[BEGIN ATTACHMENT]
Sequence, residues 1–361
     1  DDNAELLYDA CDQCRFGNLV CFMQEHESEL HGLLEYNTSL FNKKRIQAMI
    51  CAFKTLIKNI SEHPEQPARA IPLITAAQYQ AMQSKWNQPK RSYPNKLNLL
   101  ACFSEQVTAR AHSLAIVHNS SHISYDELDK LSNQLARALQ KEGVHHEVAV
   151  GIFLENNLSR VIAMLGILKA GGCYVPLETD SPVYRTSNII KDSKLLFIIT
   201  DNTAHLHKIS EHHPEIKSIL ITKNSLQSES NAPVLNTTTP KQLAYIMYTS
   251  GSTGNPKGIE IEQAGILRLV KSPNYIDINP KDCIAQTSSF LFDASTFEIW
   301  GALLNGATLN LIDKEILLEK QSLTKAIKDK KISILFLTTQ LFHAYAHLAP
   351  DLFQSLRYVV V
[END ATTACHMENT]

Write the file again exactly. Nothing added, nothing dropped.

Sequence, residues 1–361
     1  DDNAELLYDA CDQCRFGNLV CFMQEHESEL HGLLEYNTSL FNKKRIQAMI
    51  CAFKTLIKNI SEHPEQPARA IPLITAAQYQ AMQSKWNQPK RSYPNKLNLL
   101  ACFSEQVTAR AHSLAIVHNS SHISYDELDK LSNQLARALQ KEGVHHEVAV
   151  GIFLENNLSR VIAMLGILKA GGCYVPLETD SPVYRTSNII KDSKLLFIIT
   201  DNTAHLHKIS EHHPEIKSIL ITKNSLQSES NAPVLNTTTP KQLAYIMYTS
   251  GSTGNPKGIE IEQAGILRLV KSPNYIDINP KDCIAQTSSF LFDASTFEIW
   301  GALLNGATLN LIDKEILLEK QSLTKAIKDK KISILFLTTQ LFHAYAHLAP
   351  DLFQSLRYVV V